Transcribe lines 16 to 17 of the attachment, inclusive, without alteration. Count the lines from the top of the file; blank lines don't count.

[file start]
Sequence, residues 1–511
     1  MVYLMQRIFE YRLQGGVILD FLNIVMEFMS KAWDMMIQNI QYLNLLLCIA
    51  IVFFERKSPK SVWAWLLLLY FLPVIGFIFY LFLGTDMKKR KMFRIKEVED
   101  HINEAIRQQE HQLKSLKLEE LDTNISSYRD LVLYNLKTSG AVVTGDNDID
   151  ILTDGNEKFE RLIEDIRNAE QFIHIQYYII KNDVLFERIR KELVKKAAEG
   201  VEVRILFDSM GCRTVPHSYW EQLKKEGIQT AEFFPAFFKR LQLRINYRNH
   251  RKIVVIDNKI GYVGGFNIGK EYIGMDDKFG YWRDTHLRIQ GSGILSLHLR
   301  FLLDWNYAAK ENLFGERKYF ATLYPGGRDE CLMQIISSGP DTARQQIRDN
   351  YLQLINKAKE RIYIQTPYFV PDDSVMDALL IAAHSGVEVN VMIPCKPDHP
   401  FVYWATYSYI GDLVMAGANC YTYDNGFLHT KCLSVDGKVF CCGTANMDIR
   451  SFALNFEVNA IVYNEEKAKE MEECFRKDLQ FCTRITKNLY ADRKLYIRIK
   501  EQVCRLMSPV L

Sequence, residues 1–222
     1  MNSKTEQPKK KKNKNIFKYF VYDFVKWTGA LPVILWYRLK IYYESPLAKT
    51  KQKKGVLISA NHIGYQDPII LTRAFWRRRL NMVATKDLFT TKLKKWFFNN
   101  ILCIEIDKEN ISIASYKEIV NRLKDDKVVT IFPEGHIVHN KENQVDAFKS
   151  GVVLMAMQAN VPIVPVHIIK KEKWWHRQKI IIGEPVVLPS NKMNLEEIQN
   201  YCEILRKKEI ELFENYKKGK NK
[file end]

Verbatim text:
   101  ILCIEIDKEN ISIASYKEIV NRLKDDKVVT IFPEGHIVHN KENQVDAFKS
   151  GVVLMAMQAN VPIVPVHIIK KEKWWHRQKI IIGEPVVLPS NKMNLEEIQN